Rule 5 corollary – Provide as much relevant information as you can about your issue when posting to a forum. Include a video if possible.
6 – If you change something on your moped and something later goes wrong, start with what you most recently changed when seeking a cause. It’s easy to discount recent changes as the source of your current problem. More often that not, that recent change has led to your new problem.
7 – This may be my #1 rule but I’ve listed it down here at #7. If you have trouble starting your moped, ALWAYS, ALWAYS, ALWAYS check the spark plug. Hell, change it out with a new one. Find a good deal on a dozen plugs and buy them so you always have plenty laying around. I’ve fixed more hard starters by changing the spark plug than I can count. And I’ve wasted more time trying other fixes when a new plug later did the trick than I care to remember.
8 – Always up-jet when you do something that adds more air to the engine. New exhaust – up-jet. Larger top end – up-jet. High flow air filter – up-jet. Hell, I’ve had to change jetting after replacing a bald back tire with a brand new one. In this case, I had to down-jet because the engine could propel the bike so much easier with a brand new rear tire.
9 – Never be afraid to take some time away from a problem. More often than not, it’s better to stop what you are doing and have some time for reflection. An hour or a day away from a problem can give you time to consider other alternatives or come up with a solution you might not think of in the heat of the moment. At the very least, time away from an issue gives us time to recharge and take on the problem full of fresh energy and vigor.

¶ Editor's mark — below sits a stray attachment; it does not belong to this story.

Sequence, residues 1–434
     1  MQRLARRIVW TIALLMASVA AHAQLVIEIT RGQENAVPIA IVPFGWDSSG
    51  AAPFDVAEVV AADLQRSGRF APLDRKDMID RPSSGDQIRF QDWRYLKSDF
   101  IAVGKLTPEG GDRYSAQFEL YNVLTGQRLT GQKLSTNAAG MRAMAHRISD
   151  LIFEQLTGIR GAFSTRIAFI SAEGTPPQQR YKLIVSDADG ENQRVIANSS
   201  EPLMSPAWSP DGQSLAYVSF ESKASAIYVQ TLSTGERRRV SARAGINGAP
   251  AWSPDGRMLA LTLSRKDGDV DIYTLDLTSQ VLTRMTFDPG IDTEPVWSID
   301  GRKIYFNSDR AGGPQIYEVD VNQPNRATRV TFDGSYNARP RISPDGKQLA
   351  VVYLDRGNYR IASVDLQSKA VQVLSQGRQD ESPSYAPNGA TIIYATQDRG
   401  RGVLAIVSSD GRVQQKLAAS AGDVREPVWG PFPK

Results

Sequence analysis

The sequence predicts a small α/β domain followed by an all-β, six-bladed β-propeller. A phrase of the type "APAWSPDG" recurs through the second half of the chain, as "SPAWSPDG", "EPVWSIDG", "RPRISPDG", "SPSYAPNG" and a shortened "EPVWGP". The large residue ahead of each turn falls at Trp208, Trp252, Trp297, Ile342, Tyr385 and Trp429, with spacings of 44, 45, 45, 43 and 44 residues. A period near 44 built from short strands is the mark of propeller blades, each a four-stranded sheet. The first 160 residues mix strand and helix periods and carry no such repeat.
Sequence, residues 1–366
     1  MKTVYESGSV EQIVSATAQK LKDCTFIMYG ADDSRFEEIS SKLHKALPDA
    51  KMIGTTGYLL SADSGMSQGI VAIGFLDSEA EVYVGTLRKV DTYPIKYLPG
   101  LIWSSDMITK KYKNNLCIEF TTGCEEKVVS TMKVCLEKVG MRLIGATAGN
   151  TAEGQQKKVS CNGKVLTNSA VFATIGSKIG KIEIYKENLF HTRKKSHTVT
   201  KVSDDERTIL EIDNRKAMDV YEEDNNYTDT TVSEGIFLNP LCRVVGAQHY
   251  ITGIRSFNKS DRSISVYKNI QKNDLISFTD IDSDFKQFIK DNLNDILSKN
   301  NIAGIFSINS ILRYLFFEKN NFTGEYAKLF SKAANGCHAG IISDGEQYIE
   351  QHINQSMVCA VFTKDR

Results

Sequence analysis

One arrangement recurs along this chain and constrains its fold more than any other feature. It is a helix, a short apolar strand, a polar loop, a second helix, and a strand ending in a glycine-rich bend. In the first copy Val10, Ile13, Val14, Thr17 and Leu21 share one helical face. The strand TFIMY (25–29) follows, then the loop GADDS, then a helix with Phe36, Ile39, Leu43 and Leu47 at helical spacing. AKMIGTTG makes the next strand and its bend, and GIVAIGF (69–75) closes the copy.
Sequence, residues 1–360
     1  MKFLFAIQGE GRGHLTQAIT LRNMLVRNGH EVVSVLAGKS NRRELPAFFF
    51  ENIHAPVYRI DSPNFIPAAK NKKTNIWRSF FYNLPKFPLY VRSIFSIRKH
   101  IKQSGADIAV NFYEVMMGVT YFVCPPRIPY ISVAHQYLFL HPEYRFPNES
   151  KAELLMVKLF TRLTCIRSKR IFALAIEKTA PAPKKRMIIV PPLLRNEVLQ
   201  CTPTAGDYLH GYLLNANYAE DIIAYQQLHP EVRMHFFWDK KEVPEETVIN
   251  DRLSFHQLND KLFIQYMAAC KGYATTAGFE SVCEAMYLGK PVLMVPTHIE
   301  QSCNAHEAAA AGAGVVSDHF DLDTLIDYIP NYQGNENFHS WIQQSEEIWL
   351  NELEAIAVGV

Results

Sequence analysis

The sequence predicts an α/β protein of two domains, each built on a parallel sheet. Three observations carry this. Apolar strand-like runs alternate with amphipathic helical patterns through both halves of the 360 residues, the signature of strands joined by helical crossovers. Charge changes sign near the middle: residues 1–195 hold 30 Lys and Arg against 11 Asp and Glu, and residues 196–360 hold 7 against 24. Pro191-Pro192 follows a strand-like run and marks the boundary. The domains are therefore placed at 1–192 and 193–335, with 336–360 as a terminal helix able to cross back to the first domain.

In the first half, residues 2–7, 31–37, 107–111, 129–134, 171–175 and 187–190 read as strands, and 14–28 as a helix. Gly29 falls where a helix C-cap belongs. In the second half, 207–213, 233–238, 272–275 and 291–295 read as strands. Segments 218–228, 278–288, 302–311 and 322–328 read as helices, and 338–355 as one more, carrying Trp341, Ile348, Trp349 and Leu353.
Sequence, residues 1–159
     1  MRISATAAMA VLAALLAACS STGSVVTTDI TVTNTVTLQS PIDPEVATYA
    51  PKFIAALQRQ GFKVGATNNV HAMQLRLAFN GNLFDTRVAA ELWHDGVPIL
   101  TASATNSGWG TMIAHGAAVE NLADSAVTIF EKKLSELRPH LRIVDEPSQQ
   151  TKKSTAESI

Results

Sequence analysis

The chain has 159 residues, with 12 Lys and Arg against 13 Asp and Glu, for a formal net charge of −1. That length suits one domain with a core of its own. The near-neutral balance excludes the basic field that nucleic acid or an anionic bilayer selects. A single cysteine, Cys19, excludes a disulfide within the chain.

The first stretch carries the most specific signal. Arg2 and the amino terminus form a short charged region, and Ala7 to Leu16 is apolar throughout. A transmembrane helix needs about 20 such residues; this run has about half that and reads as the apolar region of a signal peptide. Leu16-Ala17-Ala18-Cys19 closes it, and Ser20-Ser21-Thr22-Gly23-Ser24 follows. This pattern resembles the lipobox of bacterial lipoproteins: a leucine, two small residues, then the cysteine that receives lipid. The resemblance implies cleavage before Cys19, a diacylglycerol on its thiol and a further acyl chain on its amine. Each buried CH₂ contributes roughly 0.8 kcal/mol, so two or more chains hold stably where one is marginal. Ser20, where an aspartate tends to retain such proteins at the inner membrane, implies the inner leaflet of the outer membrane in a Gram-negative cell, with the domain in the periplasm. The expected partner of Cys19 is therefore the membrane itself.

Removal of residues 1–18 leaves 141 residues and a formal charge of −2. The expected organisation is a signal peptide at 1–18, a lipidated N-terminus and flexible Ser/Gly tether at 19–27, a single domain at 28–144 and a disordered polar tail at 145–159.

10 – Don’t take a shortcut instead of waiting on parts to arrive in the mail. Yeah, you got the new performance exhaust on and you just can’t wait to try it out. Those new main jets are going to take a week to get here. Who has time for that? Let’s ride this beast! Aw crap, engine got to hot and soft seized. Now I have to wait on more parts and my moped don’t ride no more.
11. Learn to leave well enough alone. I love experimenting with mopeds. I love to make non-stock parts work on mopeds. I love to put performance parts on mopeds. It’s like that monster truck arcade game where you’d “earn” cash during the race and then upgrade your truck between races with new suspension, tires, engine, etc. Only this is better, I get to actually ride my fire-breathing beast after I upgrade it. Unfortunately, upgrades and, especially, performance upgrades can lead you down a road littered with other issues you never foresaw when you bought that performance exhaust or top end kit. And how much bang for your buck (and your time) are you really going to get from that top end kit. 5-6 mph? 7 or 8? Hell, you might want to keep it stock and see where a little tinkering will get you instead. Chances are you can squeeze 2-3 mph that way and then wonder if a few more mphs are really worth the big bucks and all the time and effort.